In the end, I think I had her seeing some of my points, realizing maybe we weren't doing anything wrong. Or, maybe she, like so many others talks out of two sides of her mouth. She (or her deceased husband) wrote the covenants for this subdivision.

So, what's the problem? Richard came out of his office to see what the commotion was, and offered to talk to anyone about their concerns over the earthbag barn. I told her we'd even hold a town meeting if they wanted. Did I set us up for a lynching?

As far as I know we are within our rights, not breaking any laws, rules or covenants, but it sure is a big pain in my butt. I wish our neighbors would man up and come and talk with us about what is going on, maybe they'd learn a thing or two. Maybe, they'd appreciate that someone in the town and community is going to be growing some clean, local, natural food.

All said and done, I think this woman is a nice enough person, and I don't hold anything against her. I hope she doesn't show up with the "petitions" she mentioned the neighbors talking about, but I'm not sure what they could petition, since we aren't violating anything. I told her with our "neighbors" driving fifty up the road in front of my house, I needed a fence to keep my little kids safe. She said they were working on that problem, but there wasn't much they could do. Can't enforce the speed limit, but can harass property owners because the neighbors are afraid of what they don't understand? Bring down property values? Sure, the neighbors we do know have told us their houses aren't worth the mortgages, just  like the rest of the country. Whatever.

Maybe I need to circulate a petition that bans airborne pesticides and herbicides from straying onto my property and presenting a health risk to my family and animals, and garden.

So, what's gong on here? Who knows. Maybe they don't like Richard's long hair, but ironically enough, he's about as straight edged as someone could ever be. Oh man, give me Taos and the weird New Mexico world any day. I'd love to have neighbors with dreadlocks and tattoos and piercings....if they were environmentally and spiritually aware, doing their part to change the world. Isn't it funny that most of the time they are? It is the black sheep, the lunatic fringe who will save the world, or die trying.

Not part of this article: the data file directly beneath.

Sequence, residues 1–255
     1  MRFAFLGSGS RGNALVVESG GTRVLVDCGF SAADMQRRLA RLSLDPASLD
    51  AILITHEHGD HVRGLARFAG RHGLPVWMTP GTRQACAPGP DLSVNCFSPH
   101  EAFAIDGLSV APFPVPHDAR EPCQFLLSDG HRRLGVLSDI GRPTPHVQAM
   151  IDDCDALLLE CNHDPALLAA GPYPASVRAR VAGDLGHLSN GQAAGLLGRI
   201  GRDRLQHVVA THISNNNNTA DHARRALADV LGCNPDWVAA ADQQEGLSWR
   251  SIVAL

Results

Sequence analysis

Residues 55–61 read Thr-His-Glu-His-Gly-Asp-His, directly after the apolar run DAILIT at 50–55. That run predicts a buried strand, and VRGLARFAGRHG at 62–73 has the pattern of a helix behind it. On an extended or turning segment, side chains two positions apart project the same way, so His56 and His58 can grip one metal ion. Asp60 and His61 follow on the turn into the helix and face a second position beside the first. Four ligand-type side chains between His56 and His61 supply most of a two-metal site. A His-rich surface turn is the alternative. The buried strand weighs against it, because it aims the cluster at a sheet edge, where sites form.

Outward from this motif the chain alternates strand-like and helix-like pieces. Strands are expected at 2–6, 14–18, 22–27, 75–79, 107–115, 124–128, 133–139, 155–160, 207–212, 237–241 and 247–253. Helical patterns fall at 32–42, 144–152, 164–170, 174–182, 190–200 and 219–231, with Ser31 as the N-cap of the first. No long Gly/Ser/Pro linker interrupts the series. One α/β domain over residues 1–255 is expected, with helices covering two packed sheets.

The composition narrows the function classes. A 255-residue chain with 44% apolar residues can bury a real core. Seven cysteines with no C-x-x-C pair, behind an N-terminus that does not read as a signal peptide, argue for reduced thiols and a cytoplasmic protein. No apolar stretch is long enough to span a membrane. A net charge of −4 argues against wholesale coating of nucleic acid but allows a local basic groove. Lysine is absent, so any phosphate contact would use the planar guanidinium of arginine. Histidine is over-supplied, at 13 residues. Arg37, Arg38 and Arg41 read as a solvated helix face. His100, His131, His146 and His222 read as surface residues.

We need a real farm and lots of land...with no the southwest, with enough moisture that we can garden, and not too high that nothing will grow, and cheap enough we could buy it, and put up a tent while we build a house made of earth that does no harm to the environment.

Why would a building that is so environmentally responsible offend people? Here's what it will look like, sort of. It's the building at the top of the page, in the header. Imagine it more closed, a pale beige color, with the buttresses turned a bit different to protect the door, and with a metal red roof. Is that offensive? I guess we could make it square, if that's what they want.

Not sure what to do with this. Keep on marching forward I guess. Honk if you support the farm!


  1. Kerry,

    Alex and I have had our fair share of covenant problems when we lived in Wetmore. County Commissioners got involved. Ugly mess. In the end - a big ta-doo over nothing. It's fear, plain and simple. People not understanding and not trying to. Keep yer chin up and keep talking and writing about your sustainable lifestyle. People could learn a lot - that is if they wanted to. Honk, Honk.

  2. Thanks Judy. We appreciate your support.

  3. HONK! And I will be there to show my support in a few days. Can't wait.